The standoff between the Federal garrison inside Fort Sumter and the southern rebels manning the guns across Charleston harbor reached a climax in early spring. On April 11 Ben was sent to Cummings Point on Morris Island, where one of the main Confederate batteries was located. Early the next morning Ben had his first whiff of the gunpowder that touched off the war that he and his countrymen had been so avid for. While the cannons roared Ben and his fellow infantrymen shot at Sumter with their Enfields so that they could proudly tell the folks back home that they had been in the fight. Once the sun came up the guns of Fort Sumter returned fire. Ben saw Edmund Ruffin knocked off his feet by the concussion of a near miss. This would be the only non-lethal battle of Ben Rawlings' war. Several days later Virginia voted for secession and soon thereafter volunteers from Ben's regiment and others were sent to Richmond, as it was now rightly supposed that the war's focus would be in the Old Dominion. By now Ben's exploits had become well known and accounts appeared in the Fredericksburg newspapers. Two examples are shown here.
By early May 1861 the Thirtieth Virginia Infantry had been organized. Honoring the arrangement they had agreed to in Charleston, Maxcy Gregg wrote an honorable discharge for Ben on May 10, 1861. Gregg heaped praise on this impressive young soldier: "I think he well deserves a commission. Notwithstanding his youth, if I had a Lieutenancy at my disposal, I would most cheerfully offer it him." That same day Ben enlisted as a sergeant in Company D of the Thirtieth, the "Mount Pleasant Rifles," commanded by Spotsylvania native Valentine Johnson.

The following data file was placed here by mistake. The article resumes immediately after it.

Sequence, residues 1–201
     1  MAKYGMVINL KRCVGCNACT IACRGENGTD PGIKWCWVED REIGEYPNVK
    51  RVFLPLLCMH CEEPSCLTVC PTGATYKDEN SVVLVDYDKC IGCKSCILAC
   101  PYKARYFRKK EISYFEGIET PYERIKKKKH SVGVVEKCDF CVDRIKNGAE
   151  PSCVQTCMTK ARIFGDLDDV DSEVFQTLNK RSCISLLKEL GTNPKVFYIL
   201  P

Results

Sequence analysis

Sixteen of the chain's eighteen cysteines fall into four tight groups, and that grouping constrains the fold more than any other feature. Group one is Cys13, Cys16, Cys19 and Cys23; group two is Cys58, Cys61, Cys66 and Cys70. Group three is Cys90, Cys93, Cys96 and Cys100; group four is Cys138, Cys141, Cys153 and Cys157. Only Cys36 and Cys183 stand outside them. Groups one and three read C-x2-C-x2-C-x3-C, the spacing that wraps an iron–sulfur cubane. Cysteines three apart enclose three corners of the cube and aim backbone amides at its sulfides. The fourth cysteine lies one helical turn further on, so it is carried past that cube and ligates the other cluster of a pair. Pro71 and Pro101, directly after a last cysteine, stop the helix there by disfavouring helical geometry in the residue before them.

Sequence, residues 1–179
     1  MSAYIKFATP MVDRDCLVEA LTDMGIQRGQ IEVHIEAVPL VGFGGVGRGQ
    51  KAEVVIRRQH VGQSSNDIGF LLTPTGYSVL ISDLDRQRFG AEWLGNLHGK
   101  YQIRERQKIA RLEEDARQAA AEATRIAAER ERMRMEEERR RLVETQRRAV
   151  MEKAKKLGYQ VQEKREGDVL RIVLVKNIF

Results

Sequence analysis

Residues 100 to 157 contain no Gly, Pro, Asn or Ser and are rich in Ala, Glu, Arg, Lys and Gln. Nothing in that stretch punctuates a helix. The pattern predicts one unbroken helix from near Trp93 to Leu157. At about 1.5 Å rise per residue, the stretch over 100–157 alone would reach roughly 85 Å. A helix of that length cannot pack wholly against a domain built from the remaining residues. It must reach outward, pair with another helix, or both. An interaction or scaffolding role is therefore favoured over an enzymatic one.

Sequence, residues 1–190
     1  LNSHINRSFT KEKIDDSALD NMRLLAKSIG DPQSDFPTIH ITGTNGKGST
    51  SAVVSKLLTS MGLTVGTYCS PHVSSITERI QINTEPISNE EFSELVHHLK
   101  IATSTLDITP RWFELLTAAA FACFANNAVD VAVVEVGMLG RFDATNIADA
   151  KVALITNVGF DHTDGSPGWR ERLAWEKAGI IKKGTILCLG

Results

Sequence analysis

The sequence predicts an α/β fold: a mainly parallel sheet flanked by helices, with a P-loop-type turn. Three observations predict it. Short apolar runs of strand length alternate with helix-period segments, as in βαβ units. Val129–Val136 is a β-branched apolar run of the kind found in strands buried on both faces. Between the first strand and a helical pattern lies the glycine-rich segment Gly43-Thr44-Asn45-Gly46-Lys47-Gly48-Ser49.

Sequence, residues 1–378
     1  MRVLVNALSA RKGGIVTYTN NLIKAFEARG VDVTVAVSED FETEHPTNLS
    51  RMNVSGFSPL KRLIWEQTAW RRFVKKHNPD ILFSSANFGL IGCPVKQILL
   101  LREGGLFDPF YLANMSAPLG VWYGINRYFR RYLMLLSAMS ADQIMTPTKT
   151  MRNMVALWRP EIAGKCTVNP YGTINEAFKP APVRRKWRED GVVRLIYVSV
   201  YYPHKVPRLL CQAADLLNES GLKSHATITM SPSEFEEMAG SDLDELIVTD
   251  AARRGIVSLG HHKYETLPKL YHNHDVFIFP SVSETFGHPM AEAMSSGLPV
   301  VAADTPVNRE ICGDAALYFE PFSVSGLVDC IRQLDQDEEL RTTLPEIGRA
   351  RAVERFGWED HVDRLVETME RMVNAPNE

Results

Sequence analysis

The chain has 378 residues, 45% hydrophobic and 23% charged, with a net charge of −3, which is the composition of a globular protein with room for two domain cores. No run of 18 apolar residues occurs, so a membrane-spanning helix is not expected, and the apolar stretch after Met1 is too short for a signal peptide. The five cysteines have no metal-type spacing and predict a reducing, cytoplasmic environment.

One of Ben's duties as orderly sergeant for Captain Johnson was to keep an accurate muster roll for his company. Ben at first struggled with this new responsibility and would get things mixed up. He was teased mercilessly by the older troops he had to account for. "Often at night I would go back to my tent, lie down, and cry at night. But I stuck to it." Company D's first taste of war came at Aquia Creek where they had been sent to support batteries set up to defend against encroaching Federal gunboats. It was here that these newly minted Confederates drilled and learned the fundamentals of soldiering. One day the Union gunboat Pawnee, together with three or four others, shelled the gun emplacements near Ben's company. In order to prove his own mettle as well as to impart a little courage into the hearts of his men, Ben casually strolled about and picked strawberries during the bombardment. The men of Company D were awestruck by this display and were probably not inclined to tease Sergeant Rawlings thereafter. In July an epidemic of measles swept through the camp. Ben was stricken and was sent to a hospital set up in Fredericksburg. When his mother heard of his illness she came with the carriage and took Ben to Mill Garden, uncle Ben Cason's farm. Much to his chagrin, the rest of Ben's regiment marched off to Manassas and fought in the first major engagement of the war on July 21. "I could hear the guns of First Manassas and I was very anxious to be there." Ben rejoined the Thirtieth about three weeks later. The Thirtieth Virginia wintered in Fredericksburg. In the early spring of 1862 Ben received a thirty day furlough for voluntarily re-enlisting for three years or the war. His furlough was cut short, however, as troops on leave were summoned back to their camps after the passage of the Conscription Act of April 16. Soldiers were given the option of re-enlisting or face conscription. Ben, of course, had already made his choice. In May 1862 seventeen year old Ben Rawlings was elected lieutenant of Company D. Shortly thereafter Companies D and F were among those detailed to City Point to prevent Union troops from disembarking from gunboats. The Thirtieth was then ordered to assemble in Richmond and march to what would become known as the battle of Seven Pines (also called the battle of Fair Oaks). But things did not go quite as intended. In Ben's words: "While waiting in Richmond a large number of the men had gotten filled with whiskey before breakfast. When we got out of the city men commenced falling out, and when we went into camp, nearly half were between Richmond and camp, gloriously drunk. Most of them came up that evening, but the fighting was all over and we did not get under fire." It would be a very different affair a month later during the battle of Malvern Hill, the climax of the Peninsula Campaign. Ben's account of that day sums up the irony and unexpected reactions to stress that occur in any war: "The captain of Company D was away, so I was in command. At the right of the company was a large, reckless-looking character who was thoroughly exhausted by the heat and fatigue. He said he preferred being in hell to marching up and down that country. I was impressed by the fervor of his words. "We were then ordered down to a strip of woods about a mile and a half from the river and not one quarter of a mile from thirty guns that were placed on a hill. We marched by the right flank down this strip of woods to the river to keep the enemy from finding our location. We had gone but a short distance when the gunboats opened fire; they seemed to get our exact location. The shots came through the woods, and the first one exploded to the right of my company. I was at the head of the company but in front and to the left. One shot hit Wilson the man who preferred hell to marching up and down the country. The hit took his heel, part of his foot and tore flesh from his buttocks. He died that night. He got his wish very soon. " Now we halted and were ordered to get under cover. The gunboats kept shelling, and then the battery in front of us opened with the thirty guns. This was the worst artillery fire I ever experienced. I happened to be near a very big white oak tree and I and several others got behind it, but we seemed to be between the devil and the deep blue sea. We would get behind the tree to get away from one shell in front, when from the right flank a gunboat shell of large size would come along, so we jumped from side to side as the shells came from side to side. While I was dodging shells, I saw my second lieutenant doing the same thing, his face pale and his eyes rolling and he looked so ludicrous that I got to laughing and could not control myself, and I just laughed and roared and the more I laughed, the scareder I got. I looked up the hollow and saw Colonel Harrison of our regiment behind a tree taking a big drink out of a flask, and he looked so scared that I laughed all the more. The boys all looked at me as if they thought I had gone crazy. This fire lasted until dark, when we marched back to where we had started that afternoon." Once it became obvious to General Lee that McClellan had no further appetite for battle in the peninsula, he began detaching troops to Orange County to "suppress Pope," whose depredations in neighboring Culpeper invited retribution. In two battles fought in August 1862--Cedar Mountain and Second Manassas--Lee was able to accomplish just that very objective. While that was going on in northern Virginia, the Thirtieth Infantry had been left in the peninsula as part of the force to keep McClellan's army in check. Ben's regiment was then sent north to reinforce Stonewall Jackson during Lee's invasion of Maryland. Jackson was given the task of seizing Harper's Ferry, capturing the Federal arsenal there and neutralizing the Union garrison commanded by General Miles. During the brief siege of Harper's Ferry Ben's company was ordered to defend a Confederate battery shelling the town. As was his custom, Ben was full of curiosity and bravado and made his way down the hill to the town. By now it was apparent that the Yankees had run out of fight, thanks in part the the ineffective leadership of General Miles. Together with a dismounted rebel cavalryman from Orange County named Powell, Ben brazenly entered Harper's Ferry. He was the first Confederate to do so. Ben managed to obtain a saber, two self cocking pistols and two horses. The following morning Ben and the rest of Jackson's command left Harper's Ferry before sunup and hurried to the fighting at Antietam. Once there Ben's regiment took up a position at the extreme right of the Confederate line. Ben suddenly realized that he was conspicuous in his red hunting shirt and Lieutenant William Saunders of Company H, who was wearing a similar shirt, commented to Ben about how they stood out. The Thirtieth made their way through a cornfield ("The bullets made a terrible noise as they hit the corn") and passed the Dunker church. From there they charged a Union skirmish line. Ben felt uneasy about his red shirt. What they thought was a skirmish line turned out to be three lines of Union infantry which poured fire into the Thirtieth Virginia. A Federal battery enfiladed their flank with grape and canister. It was too much. The order was given to retreat. In the line of their retreat was a wood fence. Ben noted that the panel of fence closest to him was the most pocked by bullets so he chose a different part to climb over. Three hundred men of the Thirtieth made the attack; only seventy emerged unhurt. Lieutenant Saunders, the other red shirt wearer that day, was found dead clutching a daguerreotype of his sweetheart. Although his records do not survive in the archives, it is believed that Bens' brother Zachary of Company A was among the wounded that day. Soon after the battle of Antietam Zachary returned to civilian life in Spotsylvania. During the retreat from Antietam Ben helped carry his wounded men to the Potomac, where flat boats awaited to take them across. While retreating through Shepherdstown, women came out with buckets of coffee and biscuits and dressed the injuries of the walking wounded. While foraging through the countryside Ben and his men were well cared for at a large farm house where "two lively red haired girls" soon became friendly enough to indulge in some wartime hugging with the boys in gray. The girls let Ben and the others snip off locks from their red tresses before the retreat resumed. "We all got a lock, and about the last we saw of those girls their heads looked like a crow's nest." Three months later the Thirtieth was positioned at Barnards' farm during the battle of Fredericksburg. Ben had a good view of the fighting that day but his sector remained relatively quiet. Ben's friend and mentor, General Maxcy Gregg, was mortally wounded at Fredericksburg and died two days later. Soon after the Yankees retreated Ben's regiment went into winter quarters. During this lull Ben was an active participant in what is now remembered as the largest snowball fight ever to occur in North America. Thousands of Confederates took part in a very serious exchange of snowballs which gradually escalated to fisticuffs. "Only not being able to get guns saved worse trouble." In March 1863 the Thirtieth Virginia was part of the contingent detached by Lee to forage in southern Virginia and North Carolina to acquire much needed food and supplies. Ben was present during the Confederate siege of Suffolk. While in line of battle and under fire Ben was given his examination by Major Willis of the Fifteenth Virginia Infantry and was duly promoted to Captain of Company D on March 18. He was eighteen years old. They were still there when Hooker crossed the Rapidan. Lee ordered Longstreet to collect his scattered forces and return to Spotsylvania to reinforce Lee and Jackson, but the battle of Chancellorsville was over before they could arrive. While the rest of Ben's division went off to the disastrous fight at Gettsyburg, Ben's regiment was left behind to protect Lee's rear by guarding the bridges over the North Anna River near Hanover Court House. Later the Thirtieth was sent to east Tennessee and western Virginia to support Longstreet during the fights at Chickamauga and Chattanooga. In November 1863 Ben received a furlough to visit his parents in Spotsylvania. The timing could not have been worse for Captain Rawlings, as General Meade had chosen just this time to take his army south of the Rapidan and try to surprise Lee's troops encamped in Orange County. Union cavalry was seen marauding between the Orange County line and Spotsylvania Court House. The ever alert and resourceful Ben Rawlings, despite the fact that he was home on leave, took the initiative to scout out where the enemy was and what his intentions might be. Taking his pistol and his father's double barreled shotgun, Ben came upon a column of Union cavalry and artillery passing west through White Hall toward Orange. Ben lay in hiding and did his best to estimate the enemy's strength. After the column had passed Ben captured two troopers lagging at the rear. After disarming them Ben took one horse for himself and put his two captives on the other mount. He took them back to his parents' house, where he turned them over to Lieutenant Robert C. Shiver of the Second South Carolina Cavalry of Hampton's Legion. He kept the receipt for those prisoners for the rest of his life.